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Due to my feeble understanding of allocating type memory to pointers, the following causes a bus error on the call to barrier_create ("hi" is never printed).

typedef struct barrier barrier_t;
typedef struct barrier *barrier_p;

barrier_p test_barrier_p;

int main(int argc, char *argv[]) {

int barrier_create(barrier_p *barrier_pointer) {
    barrier_p old_barrier, new_barrier;
    int count;
    old_barrier = (barrier_p) *barrier_pointer;
    new_barrier = (barrier_p) malloc(sizeof(*new_barrier));
    count = pthread_mutex_init(&new_barrier->lock, NULL);
    new_barrier->is_valid = VALID_BARRIER;
    new_barrier->counter = 0;
    new_barrier->release_flag = 0;
    *barrier_pointer = new_barrier;

What am I missing or mis-typing?

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As a minor nitpick: you don't normally "allocate pointers". You allocate storage, or memory, and then you get a pointer to that memory. –  unwind Apr 16 '09 at 7:55
Thanks unwind. That is a helpful nit, and I switched my wording to reflect how I understand that. –  Noel Apr 16 '09 at 13:12
This isn't an answer to your question, but in general you probably should avoid doing things like typedef struct barrier *barrier_p. Just use barrier_t*. It'll be less confusing in the long run, and const barrier_t* and const barrier_p won't be the same thing. –  jamesdlin Jan 17 '10 at 20:00

4 Answers 4

up vote 7 down vote accepted

Since barrier_create takes address of a barrier_p, this should be &test_barrier_p, not *test_barrier_p.


Inaccurate test of code reachability because stdout is likely buffered; I'd recommend fprintf(stderr, "hi\n"); instead.

new_barrier = (barrier_p) malloc(sizeof(*new_barrier));

I'd say sizeof(barrier_t). Again a * in an odd place, the _p notation may not be helping your type manipulation clarity.

For pedanticism, I would check the return value of malloc. I see little point in keeping the old value unless to recover in some way from a malloc error.

What is the purpose of count?

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Also correct, but a little more complete a description. But I don't think it would be sizeof(barrier_p), wouldn't it be sizeof(barrier_t)? –  Miquella Apr 16 '09 at 6:41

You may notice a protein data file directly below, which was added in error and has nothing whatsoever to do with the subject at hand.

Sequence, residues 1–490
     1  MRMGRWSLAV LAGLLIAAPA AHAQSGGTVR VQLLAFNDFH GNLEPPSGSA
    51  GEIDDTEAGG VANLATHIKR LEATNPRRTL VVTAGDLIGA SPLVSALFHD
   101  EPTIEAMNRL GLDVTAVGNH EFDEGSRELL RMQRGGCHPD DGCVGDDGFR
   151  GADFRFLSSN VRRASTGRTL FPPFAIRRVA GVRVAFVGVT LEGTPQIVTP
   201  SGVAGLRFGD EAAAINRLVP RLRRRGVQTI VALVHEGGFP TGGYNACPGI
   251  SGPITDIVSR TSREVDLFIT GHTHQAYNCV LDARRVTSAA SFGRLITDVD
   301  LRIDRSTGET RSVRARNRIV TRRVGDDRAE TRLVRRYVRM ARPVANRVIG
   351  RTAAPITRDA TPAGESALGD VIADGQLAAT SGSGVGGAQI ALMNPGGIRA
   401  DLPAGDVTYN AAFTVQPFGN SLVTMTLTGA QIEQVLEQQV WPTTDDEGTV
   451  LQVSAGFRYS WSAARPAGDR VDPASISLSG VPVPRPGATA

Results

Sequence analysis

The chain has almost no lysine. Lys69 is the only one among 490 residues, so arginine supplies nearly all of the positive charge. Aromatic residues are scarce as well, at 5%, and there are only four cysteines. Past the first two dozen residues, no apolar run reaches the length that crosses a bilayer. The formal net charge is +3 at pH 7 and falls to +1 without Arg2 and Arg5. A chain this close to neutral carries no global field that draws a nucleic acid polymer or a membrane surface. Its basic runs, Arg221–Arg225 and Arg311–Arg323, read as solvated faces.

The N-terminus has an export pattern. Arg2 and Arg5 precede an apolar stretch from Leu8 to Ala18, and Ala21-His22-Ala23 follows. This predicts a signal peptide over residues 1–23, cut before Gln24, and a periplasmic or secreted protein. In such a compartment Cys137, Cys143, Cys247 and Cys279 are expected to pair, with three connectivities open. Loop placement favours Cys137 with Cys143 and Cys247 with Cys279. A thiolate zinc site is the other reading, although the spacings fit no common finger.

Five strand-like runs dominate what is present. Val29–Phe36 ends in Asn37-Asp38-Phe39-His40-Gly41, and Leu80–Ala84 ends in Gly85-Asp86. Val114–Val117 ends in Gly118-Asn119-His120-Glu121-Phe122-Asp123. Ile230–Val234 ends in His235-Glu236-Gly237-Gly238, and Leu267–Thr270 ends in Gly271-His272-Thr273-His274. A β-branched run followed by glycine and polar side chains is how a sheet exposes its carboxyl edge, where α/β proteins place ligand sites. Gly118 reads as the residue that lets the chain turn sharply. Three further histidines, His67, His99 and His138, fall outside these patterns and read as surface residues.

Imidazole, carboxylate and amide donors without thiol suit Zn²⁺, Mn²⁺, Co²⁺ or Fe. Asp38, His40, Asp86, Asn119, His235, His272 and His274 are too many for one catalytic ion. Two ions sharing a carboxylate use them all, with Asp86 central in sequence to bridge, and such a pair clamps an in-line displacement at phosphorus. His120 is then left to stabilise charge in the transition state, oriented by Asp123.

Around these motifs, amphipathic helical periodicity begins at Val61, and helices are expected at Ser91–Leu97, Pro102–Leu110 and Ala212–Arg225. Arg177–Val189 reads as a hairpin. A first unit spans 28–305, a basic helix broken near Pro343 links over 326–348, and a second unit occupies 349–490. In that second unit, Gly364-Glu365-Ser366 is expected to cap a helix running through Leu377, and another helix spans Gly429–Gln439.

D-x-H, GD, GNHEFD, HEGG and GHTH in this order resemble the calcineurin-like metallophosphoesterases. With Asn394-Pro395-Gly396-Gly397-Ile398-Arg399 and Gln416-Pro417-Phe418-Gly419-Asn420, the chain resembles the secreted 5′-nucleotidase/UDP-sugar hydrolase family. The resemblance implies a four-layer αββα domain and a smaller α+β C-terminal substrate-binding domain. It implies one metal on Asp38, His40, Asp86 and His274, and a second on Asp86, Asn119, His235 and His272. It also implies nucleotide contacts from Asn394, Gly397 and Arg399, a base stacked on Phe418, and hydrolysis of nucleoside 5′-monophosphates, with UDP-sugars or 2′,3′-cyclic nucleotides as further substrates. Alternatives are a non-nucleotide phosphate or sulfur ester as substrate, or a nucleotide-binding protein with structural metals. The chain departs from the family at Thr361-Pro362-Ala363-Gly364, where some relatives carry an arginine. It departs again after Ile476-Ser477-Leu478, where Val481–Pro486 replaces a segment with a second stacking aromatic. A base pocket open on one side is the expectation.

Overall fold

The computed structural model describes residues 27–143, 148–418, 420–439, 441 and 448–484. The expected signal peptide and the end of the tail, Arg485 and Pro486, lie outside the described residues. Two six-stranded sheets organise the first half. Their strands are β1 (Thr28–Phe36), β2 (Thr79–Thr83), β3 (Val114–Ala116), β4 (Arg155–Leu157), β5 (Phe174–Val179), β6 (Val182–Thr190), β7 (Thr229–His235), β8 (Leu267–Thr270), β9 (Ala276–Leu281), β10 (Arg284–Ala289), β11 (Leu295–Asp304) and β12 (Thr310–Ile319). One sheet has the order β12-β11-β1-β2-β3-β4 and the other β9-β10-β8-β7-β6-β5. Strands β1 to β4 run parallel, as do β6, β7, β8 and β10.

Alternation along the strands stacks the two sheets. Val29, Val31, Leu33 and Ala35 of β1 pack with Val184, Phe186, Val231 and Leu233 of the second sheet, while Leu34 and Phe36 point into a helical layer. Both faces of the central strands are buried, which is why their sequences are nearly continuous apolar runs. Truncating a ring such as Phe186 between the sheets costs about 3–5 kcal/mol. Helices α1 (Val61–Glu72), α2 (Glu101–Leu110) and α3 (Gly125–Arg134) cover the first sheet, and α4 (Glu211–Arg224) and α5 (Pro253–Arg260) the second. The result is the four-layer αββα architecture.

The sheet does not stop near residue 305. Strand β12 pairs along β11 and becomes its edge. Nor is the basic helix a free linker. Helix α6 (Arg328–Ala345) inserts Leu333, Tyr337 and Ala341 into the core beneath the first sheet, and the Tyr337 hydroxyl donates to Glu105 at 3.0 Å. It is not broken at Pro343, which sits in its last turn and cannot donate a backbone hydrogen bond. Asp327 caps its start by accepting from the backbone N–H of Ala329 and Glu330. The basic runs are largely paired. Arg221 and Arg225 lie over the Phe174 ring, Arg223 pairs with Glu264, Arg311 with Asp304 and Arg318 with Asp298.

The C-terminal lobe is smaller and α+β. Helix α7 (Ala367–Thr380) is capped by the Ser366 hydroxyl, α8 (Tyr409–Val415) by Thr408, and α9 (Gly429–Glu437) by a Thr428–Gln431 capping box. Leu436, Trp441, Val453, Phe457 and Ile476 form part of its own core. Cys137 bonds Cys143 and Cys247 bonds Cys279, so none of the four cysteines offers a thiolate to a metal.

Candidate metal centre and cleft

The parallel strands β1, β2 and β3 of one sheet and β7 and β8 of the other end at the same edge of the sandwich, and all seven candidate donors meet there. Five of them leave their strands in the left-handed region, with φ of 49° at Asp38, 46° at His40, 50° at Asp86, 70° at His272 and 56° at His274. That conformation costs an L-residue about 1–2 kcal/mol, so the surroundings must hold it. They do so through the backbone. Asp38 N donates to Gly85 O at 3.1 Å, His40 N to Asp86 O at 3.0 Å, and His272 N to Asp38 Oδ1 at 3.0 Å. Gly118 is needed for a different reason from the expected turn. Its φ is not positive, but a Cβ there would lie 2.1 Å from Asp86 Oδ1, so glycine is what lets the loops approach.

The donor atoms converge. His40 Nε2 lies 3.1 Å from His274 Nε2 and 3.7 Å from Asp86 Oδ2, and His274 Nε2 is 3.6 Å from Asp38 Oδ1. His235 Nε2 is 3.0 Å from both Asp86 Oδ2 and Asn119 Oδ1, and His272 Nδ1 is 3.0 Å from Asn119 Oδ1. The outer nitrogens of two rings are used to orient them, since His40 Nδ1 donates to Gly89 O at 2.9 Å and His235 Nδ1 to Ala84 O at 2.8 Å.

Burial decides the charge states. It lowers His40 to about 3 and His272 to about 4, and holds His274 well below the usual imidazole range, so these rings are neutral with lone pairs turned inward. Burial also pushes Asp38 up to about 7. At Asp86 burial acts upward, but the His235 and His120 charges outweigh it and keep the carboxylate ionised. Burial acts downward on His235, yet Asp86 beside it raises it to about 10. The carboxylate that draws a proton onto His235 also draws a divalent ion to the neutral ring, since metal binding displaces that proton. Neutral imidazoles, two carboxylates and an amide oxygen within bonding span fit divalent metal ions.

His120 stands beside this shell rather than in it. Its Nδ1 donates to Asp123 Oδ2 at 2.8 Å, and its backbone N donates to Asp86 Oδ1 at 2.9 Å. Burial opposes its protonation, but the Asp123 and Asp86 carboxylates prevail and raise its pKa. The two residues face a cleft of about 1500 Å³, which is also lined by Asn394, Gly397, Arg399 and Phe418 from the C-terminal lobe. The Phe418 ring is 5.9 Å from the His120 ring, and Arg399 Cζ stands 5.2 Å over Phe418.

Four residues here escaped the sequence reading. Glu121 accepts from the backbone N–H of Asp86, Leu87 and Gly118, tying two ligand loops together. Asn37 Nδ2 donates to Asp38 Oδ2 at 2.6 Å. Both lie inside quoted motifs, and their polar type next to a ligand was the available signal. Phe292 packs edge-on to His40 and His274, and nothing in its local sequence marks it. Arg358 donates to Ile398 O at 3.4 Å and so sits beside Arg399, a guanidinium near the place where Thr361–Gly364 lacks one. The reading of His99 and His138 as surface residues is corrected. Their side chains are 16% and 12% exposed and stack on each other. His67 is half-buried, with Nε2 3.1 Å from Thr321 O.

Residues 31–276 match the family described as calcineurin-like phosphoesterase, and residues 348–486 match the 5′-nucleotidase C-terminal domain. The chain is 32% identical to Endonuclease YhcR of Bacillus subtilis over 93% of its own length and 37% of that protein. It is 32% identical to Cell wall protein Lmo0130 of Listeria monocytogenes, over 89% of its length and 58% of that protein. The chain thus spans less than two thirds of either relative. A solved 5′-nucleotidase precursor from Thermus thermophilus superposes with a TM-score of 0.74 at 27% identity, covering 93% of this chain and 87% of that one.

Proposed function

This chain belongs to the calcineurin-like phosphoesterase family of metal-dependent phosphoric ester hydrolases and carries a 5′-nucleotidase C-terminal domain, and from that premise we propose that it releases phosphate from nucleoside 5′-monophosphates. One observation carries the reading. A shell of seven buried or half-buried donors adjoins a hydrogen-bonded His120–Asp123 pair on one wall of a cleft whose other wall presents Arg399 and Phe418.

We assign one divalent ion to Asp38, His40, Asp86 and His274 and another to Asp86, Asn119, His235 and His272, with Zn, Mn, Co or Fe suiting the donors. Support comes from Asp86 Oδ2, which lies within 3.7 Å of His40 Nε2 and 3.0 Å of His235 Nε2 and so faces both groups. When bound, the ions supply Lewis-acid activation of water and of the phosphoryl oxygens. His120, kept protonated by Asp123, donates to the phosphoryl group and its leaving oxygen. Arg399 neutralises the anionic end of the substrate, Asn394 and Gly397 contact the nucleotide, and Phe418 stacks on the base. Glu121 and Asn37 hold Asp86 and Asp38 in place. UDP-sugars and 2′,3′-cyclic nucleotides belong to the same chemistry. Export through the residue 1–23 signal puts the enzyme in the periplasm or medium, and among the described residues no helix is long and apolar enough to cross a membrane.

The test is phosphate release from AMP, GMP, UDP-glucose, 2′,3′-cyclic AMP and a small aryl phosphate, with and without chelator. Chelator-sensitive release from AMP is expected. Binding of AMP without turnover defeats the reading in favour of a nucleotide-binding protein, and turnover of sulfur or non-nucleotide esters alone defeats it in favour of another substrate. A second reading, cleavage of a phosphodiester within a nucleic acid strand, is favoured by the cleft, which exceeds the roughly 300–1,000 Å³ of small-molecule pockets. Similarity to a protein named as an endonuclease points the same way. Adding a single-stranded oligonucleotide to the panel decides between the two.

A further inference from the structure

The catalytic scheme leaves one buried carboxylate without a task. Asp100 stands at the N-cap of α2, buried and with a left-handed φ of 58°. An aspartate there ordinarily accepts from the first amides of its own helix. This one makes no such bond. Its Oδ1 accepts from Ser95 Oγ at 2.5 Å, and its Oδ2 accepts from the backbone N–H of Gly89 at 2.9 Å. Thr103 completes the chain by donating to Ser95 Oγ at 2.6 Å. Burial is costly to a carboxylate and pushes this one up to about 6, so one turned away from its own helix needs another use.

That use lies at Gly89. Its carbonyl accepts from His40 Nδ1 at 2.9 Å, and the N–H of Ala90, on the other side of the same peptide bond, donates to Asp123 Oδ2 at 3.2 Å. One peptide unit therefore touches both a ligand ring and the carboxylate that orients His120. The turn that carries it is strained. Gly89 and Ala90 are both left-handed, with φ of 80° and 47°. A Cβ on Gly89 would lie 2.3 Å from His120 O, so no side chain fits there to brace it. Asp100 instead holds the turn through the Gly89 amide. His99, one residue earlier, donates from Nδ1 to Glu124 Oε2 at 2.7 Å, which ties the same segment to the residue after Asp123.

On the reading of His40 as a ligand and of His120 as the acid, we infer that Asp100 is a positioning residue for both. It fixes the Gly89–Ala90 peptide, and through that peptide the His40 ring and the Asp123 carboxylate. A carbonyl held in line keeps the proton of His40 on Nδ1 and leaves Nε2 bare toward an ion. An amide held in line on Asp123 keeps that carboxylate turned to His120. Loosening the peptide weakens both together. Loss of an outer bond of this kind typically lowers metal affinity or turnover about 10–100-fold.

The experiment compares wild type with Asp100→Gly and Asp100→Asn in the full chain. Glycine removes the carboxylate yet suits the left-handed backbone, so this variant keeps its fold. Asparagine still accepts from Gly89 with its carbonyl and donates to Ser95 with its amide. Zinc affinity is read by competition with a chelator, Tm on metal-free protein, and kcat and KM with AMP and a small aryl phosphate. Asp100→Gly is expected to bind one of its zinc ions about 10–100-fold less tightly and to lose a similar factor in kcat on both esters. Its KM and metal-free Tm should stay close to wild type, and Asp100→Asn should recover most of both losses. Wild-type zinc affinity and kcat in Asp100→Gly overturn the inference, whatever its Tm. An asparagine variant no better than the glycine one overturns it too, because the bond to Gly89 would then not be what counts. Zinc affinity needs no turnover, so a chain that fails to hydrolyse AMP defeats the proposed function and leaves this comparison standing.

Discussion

excellent catch; editing to reflect. –  Kim Reece Apr 16 '09 at 6:42
yes, definitely sizeof(barrier_t). sizeof(barrier_p) will just return the size of a pointer (pretty much 4 or 8 these days). –  Jason Coco Apr 16 '09 at 6:43
yeah, old_barrier seems to just be leaking memory... maybe it was originally meant so that the barrier could be free()d after the global variable was set to the new barrier? –  Jason Coco Apr 16 '09 at 6:46
yeah, could be designed for freeing, assuming it's never passed an uninitialized mess. this looks extracted from a broader api and adjusted to fit, to me. –  Kim Reece Apr 16 '09 at 6:49

You're dereferencing a bad pointer in your main function. To get the address of the variable, you use the address & operator, not the dereferencing * operator. Rewrite main as:

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Jason is correct, you've got your indirection backwards. –  Miquella Apr 16 '09 at 6:35
Thanks for the succinct answer. I'm giving it to feonixrift since he gave the bonus of pointing out my silly use of buffered print. –  Noel Apr 16 '09 at 13:22
Also, thanks Miquella for that comment. That actually nailed down the problem exactly for me mentally. –  Noel Apr 16 '09 at 13:23

The test_barrier_p variable is a pointer to a barrier structure which is never being initialized, so it's set to NULL (since it's at file scope).

You're de-referencing it at the call from main() to barrier_create().

For help beyond that, you'll need to tell us, in English, what you're trying to achieve.

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The function int barrier_create(barrier_p *barrier_pointer) takes a pointer as an argument. However, you a passing in an actual barrier_p in your main since you dereference it - barrier_create(*test_barrier_p). I think you should be passing the address like barrier_create(&test_barrier_p)

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